Calgary-based Suncor Energy Inc is reportedly looking at making further acquisitions in the North Sea.
The Globe and Mail reports, “Stung by the oil price crash, Royal Dutch Shell, BP, France’s Total and others have put dozens of assets up for sale in the North Sea, which has been on the wane since the late 1990s. With many companies keen to sell assets in the region, Suncor could find compelling deals, the sources said, adding it could buy in both the U.K. North Sea and Norwegian North Sea. Suncor currently owns 30 per cent of the high-producing Buzzard field in the North Sea, and holds 17 licenses in its Norwegian portfolio.”
The North Sea reportedly already has about 24 drilling rigs and 280 oil and gas installations on it.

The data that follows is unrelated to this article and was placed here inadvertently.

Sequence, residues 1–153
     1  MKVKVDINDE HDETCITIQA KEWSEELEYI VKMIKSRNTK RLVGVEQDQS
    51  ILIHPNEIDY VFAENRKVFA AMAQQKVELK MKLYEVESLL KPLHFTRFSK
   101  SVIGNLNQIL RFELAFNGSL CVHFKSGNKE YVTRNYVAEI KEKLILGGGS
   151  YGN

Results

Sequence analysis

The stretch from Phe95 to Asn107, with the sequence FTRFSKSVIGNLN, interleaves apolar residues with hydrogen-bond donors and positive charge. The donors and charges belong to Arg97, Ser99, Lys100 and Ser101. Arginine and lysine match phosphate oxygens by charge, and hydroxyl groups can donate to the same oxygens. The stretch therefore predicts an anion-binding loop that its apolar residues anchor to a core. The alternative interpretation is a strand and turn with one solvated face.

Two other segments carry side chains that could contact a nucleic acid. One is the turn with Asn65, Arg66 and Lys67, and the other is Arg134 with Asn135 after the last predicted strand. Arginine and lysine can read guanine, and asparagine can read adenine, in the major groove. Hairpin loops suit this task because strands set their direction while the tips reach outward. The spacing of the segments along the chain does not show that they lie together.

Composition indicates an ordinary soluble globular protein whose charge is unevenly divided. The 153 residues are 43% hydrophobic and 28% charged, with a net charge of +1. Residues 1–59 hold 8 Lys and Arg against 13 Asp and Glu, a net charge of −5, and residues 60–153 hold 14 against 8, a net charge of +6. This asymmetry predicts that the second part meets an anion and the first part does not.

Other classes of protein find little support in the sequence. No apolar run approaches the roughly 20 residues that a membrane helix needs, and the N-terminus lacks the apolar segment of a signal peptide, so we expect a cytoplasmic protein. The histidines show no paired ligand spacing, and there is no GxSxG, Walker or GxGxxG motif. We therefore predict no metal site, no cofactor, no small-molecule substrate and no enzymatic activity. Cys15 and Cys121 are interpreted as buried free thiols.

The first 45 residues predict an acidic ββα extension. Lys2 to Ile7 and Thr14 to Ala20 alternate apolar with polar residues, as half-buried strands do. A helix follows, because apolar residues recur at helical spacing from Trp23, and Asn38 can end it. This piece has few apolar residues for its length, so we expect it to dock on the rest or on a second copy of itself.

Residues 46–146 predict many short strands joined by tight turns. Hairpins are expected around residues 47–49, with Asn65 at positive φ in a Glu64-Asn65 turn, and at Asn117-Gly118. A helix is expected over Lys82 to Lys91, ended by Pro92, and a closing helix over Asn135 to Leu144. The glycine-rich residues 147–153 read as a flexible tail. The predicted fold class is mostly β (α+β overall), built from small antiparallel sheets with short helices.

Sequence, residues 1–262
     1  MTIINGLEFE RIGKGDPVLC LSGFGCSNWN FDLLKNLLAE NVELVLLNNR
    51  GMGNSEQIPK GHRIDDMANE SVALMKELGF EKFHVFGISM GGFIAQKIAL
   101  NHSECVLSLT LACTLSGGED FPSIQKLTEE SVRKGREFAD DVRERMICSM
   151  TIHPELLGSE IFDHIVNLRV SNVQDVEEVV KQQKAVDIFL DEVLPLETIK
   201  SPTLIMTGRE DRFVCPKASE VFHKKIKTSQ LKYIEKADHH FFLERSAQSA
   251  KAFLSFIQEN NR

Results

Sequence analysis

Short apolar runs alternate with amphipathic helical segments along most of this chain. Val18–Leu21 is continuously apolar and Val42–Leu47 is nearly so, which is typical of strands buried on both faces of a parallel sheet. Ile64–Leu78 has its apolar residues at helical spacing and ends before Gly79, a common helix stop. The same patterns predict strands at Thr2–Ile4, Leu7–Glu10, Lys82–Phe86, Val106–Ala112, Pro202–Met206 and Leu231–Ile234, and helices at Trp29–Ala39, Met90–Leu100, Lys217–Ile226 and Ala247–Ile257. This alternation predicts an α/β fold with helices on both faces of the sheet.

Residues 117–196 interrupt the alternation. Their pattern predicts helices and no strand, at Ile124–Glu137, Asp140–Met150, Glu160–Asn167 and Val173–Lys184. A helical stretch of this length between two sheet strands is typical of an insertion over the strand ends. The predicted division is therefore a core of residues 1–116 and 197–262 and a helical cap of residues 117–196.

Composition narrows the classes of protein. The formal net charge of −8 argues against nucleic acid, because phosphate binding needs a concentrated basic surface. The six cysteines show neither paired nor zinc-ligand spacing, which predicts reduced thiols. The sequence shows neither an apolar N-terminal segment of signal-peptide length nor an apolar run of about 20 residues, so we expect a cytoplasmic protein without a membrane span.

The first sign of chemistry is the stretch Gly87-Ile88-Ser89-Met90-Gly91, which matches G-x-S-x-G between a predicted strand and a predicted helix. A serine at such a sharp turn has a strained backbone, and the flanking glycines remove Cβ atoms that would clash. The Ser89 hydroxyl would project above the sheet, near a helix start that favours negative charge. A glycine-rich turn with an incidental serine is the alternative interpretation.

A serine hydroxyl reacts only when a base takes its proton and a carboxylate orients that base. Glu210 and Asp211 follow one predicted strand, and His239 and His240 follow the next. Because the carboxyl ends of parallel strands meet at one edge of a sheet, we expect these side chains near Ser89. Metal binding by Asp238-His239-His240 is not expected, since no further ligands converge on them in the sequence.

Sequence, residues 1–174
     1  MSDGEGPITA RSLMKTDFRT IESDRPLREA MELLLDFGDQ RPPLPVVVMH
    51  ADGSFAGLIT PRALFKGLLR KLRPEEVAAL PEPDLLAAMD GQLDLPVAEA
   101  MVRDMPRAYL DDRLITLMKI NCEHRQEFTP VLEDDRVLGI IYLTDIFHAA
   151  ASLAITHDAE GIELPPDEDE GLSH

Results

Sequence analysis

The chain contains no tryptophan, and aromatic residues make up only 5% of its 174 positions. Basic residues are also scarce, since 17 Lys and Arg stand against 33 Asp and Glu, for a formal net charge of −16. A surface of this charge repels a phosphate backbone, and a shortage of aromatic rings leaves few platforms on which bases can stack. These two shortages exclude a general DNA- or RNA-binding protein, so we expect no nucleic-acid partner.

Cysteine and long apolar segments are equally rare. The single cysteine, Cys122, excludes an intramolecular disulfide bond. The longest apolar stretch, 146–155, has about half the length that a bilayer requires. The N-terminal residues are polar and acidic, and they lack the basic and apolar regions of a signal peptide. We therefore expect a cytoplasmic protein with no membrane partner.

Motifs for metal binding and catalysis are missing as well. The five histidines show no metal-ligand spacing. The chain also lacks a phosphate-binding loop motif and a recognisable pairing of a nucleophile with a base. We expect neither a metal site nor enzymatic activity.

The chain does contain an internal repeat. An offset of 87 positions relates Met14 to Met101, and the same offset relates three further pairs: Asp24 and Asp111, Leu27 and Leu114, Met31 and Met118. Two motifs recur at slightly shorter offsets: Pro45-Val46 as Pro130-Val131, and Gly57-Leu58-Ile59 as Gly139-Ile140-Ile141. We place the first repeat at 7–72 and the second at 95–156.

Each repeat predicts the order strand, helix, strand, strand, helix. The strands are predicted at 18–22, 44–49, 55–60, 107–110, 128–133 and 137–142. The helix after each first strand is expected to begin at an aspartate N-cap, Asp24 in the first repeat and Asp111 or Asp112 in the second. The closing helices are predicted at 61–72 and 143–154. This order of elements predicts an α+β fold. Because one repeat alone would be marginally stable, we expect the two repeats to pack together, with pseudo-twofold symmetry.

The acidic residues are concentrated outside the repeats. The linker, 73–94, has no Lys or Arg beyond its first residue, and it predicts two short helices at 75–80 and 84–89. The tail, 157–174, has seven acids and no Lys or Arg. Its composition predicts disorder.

In October 2010, the Associated Press reported, “Britain’s Conservative-led government has repeatedly rejected suggestions for a moratorium on deepwater drilling in the North Sea… ‘The government is determined to drive forward our move to a low-carbon economy and develop the U.K.’s renewable energy sources but this cannot happen overnight’, the Department of Energy and Climate Change said in a statement. …Greenpeace and other critics said a moratorium on deep sea drilling was needed, citing a Health and Safety Executive report that showed a spike in accidental leaks and serious injuries to workers on offshore platforms in 2009 and 2010.”
A moratorium is also needed given continued drilling in the North Sea takes us closer to the 1.5 degrees Celsius limit on global warming.
If the Canada-European Union Comprehensive Economic and Trade Agreement (CETA) were to be ratified with its investment protection provision intact, it is conceivable that Canadian-based corporations like Suncor (or US-based corporations with operations in Canada) could challenge the climate-based restrictions that are necessary on oil and gas drilling in the North Sea.
For more on our campaign to stop CETA, please click here.